God dwells in life.


God dwells more in a little sparrow than in all the buildings dedicated to him.


Our new associates.



A mamma swan has decided it seems to rear her babies right alongside us. When reporting for our first CVSS day of the season (taking the disabled sailing) we were astounded to find a new nest complete with six eggs right beside the jetty.
The mother seems perfectly at ease with us and all our comings and goings as we help our special sailors into the boats, even leaving her eggs for a leisurely swim in our presence. She seems to know we’ll not hurt her little ones. We are honored by her trust.

A sunny walk near my place.


(Above) Some of the boats we use to take out our “special sailors”

(Two below) We call it the nursery due to the number of swan, geese and duck families in residence – looking for a free breakfast.


(Next 3 views of one of the locks on the Grand Union Canal)






Gate to the bird sanctuary ( a much wilder area!)



Two smaller beauties I noticed. (The thistles in the bird sanctuary were like a forest higher than my head!)





Press the pause button on life.


Sometimes we just need to press the pause button and stop to take in life.

This happened to me yesterday morning. My usual cycle back between the lakes was feeling tedious. I felt myself unconsciously pushing to “get it over with”. Something wasn’t right. The route is glorious and the trees were all decked in gleaming new foliage (even on a dreary day which this was). It had to be me.

Instead of hasting home to get started on that ever present “to do” list I pulled over by a bench, propped my bicycle and sat gazing out over the still waters. Starting to chill I watched the birds (expert chillers!)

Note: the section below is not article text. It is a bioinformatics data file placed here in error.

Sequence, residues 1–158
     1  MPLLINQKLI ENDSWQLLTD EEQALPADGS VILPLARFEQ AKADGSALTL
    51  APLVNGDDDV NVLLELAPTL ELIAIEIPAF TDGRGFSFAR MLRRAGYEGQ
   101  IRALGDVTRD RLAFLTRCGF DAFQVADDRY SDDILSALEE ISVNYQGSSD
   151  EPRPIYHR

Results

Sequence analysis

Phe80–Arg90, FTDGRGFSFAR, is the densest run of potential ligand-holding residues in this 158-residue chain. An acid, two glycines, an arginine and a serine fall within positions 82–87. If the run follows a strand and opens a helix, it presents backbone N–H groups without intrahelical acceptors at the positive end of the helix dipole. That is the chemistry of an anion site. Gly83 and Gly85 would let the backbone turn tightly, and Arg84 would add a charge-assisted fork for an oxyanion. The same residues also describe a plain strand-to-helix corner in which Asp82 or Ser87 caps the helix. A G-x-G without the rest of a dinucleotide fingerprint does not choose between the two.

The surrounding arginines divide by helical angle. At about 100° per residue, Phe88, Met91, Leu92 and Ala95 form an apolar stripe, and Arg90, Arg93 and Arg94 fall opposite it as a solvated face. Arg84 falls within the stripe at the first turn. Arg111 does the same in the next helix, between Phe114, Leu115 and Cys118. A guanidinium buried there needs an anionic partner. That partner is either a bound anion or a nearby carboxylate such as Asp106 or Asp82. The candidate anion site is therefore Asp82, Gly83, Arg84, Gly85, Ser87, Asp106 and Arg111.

There was a small splash in the water. A moor hen was diving for food. Only then I realized what my beleaguered senses had been oblivious to. There was a chick on the lake, the first I’d noticed that year. As I watched, fascinated, the mother passed her wriggling prize on to the baby. I sat contemplating as the mother tirelessly bobbed down again and again providing the chick with a hearty breakfast.

It slowly dawned on me – this was the real world, the continuing one. Oblivious to our petty dealings nature continues its timeless rituals, there’s such peace in that.

(I didn’t have my camera along but this bing photo will give a close idea.)


Have we forgotten how to live?



We had “momentous moment” this week. The crane we’d often seen at the water’s edge on the way to school unexpectedly flew right across our path. It was a glorious sight, wings out stretched in clear view about half a meter in front of my grandson.

After our marvelled oohs and ahs he said he wished he’d had a camera fixed to the front of his bike so he could have filmed it. I comforted him that his built in eyes had got the shot and his memory recorded it for his archives and we joked about how our bodies came with all this built in stuff.

Later I was pondering (having had a lot of family get togethers due to my daughter’s visit from China) how often festivities come to a halt in order to be recorded. Every time a delicious spread is set before us there’s a call to the kids “don’t eat anything till we take a picture.” Hugs and greetings are frozen, avid conversation stopped for the inevitable photo.

Don’t get me wrong I’m as bad as the rest and love to see events shared on social media that I couldn’t attend or that bring back sweet memories. I do wonder sometimes though  about the danger of overdoing this, that in our urge to record the “good stuff” that we might be in danger of forgetting the “now”, our lives diluting to a mere reflection of social media rather than the alive, pulsating, joy and appreciation of a fresh “now”experience.